I find myself on yet another cross country flight, on yet another exciting trip, reflecting on life as I perceive it right now versus years past. It's amazing how the older we all get we feel like we haven't changed as pieces of our old selves still live within us, for better or worse, and that the majority of the changes we perceive are happening around us. Sure life happens and our bodies all start slowing down and our joints ache more in the morning or the hangovers hit a whole hell of a lot harder than when we were 19 at that party and the cops showed up and everyone ran...And now we can just go get hammered at the bar your friend bartends at. We do the same things but the older that we get, the stakes are greater and we have more to lose. But we also have more to gain.
I think about taking time off and how between having a full time job and working for myself as a freelance photographer and branding consultant, that I always feel a noticeable amount of guilt for taking time for myself. I only have so many vacation days and heaven forbid I get sick and have to use one of them. Being that my full time job is in live event production, weekend's are never guaranteed either. I've prided myself in being able to work +14 days straight without a break, averaging 12-14 hours a day. I also pride myself in being able to refine my processes so I can shave time off of the day and increase my own productivity as it benefits everyone in the long run. Where I used to obsess over working non-stop, over the past year I've accepted the importance in taking personal time where ever I can get it.
Why it took this long for me to figure that out is beyond me. My father was a compulsive worker as well as being a functional alcoholic until he wasn't so functional and when he passed away I was confronted with the harsh reality head-on that life is very short and should not be taken for granted. 49. He was 49 years old. So in other words, really fucking young with still a lot of life to live.
And since then, I've been on a wild adventure, at first to find myself because I was 17 and had no clue about what I enjoyed and what I was interested in and how to even digest the fact that I had a future all of a sudden that didn't involve taking care of him. I left my almost full ride scholarship to Belmont University behind and ran off to the mountains of New Mexico, picked up my camera, and found myself. After moving back to Nashville and then two years later to Los Angeles, while taking multiple trips for work and pleasure all over the country, I found something I enjoyed.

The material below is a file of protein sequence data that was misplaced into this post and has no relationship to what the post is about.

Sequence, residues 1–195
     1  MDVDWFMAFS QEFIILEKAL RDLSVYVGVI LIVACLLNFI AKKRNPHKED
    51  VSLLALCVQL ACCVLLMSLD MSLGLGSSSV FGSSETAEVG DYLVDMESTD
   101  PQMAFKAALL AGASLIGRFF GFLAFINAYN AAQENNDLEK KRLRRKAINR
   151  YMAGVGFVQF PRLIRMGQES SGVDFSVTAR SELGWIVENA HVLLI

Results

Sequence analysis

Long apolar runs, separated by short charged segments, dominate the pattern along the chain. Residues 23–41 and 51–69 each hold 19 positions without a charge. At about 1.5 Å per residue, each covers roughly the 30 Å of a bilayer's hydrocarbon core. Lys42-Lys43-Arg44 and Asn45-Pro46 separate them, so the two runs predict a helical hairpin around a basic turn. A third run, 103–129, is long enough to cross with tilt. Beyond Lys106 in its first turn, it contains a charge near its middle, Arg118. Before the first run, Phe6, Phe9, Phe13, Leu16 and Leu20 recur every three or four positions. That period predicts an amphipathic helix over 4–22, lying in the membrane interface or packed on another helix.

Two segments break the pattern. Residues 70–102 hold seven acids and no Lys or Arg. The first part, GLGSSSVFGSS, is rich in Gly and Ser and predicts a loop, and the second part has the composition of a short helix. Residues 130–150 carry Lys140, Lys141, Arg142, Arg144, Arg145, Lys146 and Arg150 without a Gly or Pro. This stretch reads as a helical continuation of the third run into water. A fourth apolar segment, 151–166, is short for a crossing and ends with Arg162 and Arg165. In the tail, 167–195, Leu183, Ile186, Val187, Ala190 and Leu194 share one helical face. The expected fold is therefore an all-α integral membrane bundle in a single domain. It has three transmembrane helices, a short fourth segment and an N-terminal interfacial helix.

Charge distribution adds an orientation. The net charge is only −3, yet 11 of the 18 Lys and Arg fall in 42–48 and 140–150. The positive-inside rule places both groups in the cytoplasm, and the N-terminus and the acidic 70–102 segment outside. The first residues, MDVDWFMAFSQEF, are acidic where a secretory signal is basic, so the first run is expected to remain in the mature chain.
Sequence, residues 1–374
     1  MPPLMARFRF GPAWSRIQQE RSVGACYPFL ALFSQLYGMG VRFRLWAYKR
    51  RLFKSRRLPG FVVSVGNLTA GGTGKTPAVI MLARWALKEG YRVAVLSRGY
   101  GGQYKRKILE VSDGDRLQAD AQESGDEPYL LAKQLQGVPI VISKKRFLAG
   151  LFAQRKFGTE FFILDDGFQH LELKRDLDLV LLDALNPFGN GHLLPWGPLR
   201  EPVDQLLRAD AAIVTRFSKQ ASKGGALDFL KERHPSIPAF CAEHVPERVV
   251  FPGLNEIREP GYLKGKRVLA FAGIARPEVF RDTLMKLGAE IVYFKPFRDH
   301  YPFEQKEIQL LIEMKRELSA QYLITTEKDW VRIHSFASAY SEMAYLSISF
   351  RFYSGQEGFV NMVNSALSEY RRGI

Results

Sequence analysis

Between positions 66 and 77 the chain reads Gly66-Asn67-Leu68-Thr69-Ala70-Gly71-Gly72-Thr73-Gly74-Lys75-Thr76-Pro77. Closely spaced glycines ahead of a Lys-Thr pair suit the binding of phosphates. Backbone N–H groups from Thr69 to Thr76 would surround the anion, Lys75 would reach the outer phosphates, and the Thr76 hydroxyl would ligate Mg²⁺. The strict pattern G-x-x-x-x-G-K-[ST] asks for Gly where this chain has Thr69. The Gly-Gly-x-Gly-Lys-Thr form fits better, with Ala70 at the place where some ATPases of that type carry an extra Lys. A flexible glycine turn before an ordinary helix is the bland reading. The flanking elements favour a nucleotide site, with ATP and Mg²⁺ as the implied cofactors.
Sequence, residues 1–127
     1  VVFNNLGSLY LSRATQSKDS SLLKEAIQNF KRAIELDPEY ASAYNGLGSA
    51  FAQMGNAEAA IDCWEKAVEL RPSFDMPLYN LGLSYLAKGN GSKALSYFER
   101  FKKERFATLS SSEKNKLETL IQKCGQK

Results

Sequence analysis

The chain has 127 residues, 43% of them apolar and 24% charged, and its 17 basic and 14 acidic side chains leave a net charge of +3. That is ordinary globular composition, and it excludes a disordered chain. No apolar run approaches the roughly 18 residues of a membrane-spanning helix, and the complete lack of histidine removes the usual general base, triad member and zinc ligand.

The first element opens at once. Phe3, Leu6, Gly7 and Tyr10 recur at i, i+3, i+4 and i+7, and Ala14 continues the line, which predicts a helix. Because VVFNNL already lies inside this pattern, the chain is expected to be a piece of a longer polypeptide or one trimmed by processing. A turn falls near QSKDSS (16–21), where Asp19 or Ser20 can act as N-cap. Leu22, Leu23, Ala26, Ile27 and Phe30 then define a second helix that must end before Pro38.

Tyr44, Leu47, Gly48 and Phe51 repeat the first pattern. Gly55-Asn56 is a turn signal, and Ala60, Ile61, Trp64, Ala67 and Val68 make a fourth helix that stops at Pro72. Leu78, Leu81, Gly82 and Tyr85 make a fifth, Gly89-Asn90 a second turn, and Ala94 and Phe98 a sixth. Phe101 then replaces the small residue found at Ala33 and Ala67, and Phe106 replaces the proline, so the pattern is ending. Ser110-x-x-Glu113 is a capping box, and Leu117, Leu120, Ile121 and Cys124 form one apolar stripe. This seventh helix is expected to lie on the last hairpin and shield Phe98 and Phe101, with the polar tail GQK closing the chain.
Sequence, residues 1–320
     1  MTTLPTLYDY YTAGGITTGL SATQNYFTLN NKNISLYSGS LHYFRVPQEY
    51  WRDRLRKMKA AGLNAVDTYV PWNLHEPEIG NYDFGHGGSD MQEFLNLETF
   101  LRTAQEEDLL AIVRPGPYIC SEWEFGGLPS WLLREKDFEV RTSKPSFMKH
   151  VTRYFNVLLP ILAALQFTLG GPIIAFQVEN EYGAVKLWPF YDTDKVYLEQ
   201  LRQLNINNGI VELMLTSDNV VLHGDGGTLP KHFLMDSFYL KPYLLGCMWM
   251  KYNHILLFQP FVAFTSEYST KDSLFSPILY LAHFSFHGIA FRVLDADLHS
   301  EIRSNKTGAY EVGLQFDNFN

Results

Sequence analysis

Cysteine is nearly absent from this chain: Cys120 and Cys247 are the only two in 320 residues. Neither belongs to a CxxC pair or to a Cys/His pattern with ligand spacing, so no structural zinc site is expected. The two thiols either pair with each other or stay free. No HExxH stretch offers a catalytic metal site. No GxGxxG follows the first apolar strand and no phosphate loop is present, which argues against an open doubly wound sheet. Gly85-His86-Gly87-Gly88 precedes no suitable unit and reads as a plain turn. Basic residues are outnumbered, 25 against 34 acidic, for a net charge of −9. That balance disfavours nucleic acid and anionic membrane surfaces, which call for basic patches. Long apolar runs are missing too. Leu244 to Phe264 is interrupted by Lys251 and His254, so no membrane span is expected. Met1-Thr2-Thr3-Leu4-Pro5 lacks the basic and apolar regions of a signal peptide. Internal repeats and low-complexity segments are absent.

I call it "living." The common misconception made by folks in my peripheral, be it prospective employers, family members, Instagram followers, and so on, is that when I take off on a trip, I'm leaving things unfinished at home or at work or that it's all fun and no work, when neither is the case. Bills are paid upfront, work is done and communicated in detail where projects stand to the rest of the team, because I enjoy my job and my home and my lifestyle and I'm not trying to do anything to mess any of that up by running away from it and leaving it in disarray. So what if I go party down in Laguna one weekend and then go skiing in Big Bear the next weekend and then take two weeks off to go to Europe if the work is done and done well?
There's more to life than work. There's french wine to drink with the Eiffel Tower in the background and mountains to race down at +50mph with two skis attached. There's oceans to swim in and people to laugh with until you almost pee yourself. There's so much to see and experience outside of what we see right in front of ourselves, so why let it go to waste?
In order to really live and enjoy the finer things in life, you must first learn how to love yourself enough to be willing to invest in yourself. I'm going to Europe for less than I pay a months rent in Los Angeles and I picked a time with work for right before the season really kicks into gear so I'm not missing much. Sure, maybe I could invest the money into a mutual fund of some sorts, or into the stock market, and that works too. My point in all of this is simple--there is more to life than what is right in front of our faces and you shouldn't feel guilty for pursuing something that brings joy and happiness in your life so long as you're not hurting yourself or others in the process.
And if you haven't heard of WOW Airlines, you should. Seriously. My flight from NYC to Iceland was $210USD. I spend that much on food and coffee in two weeks...because coffee is it's own categorized expense...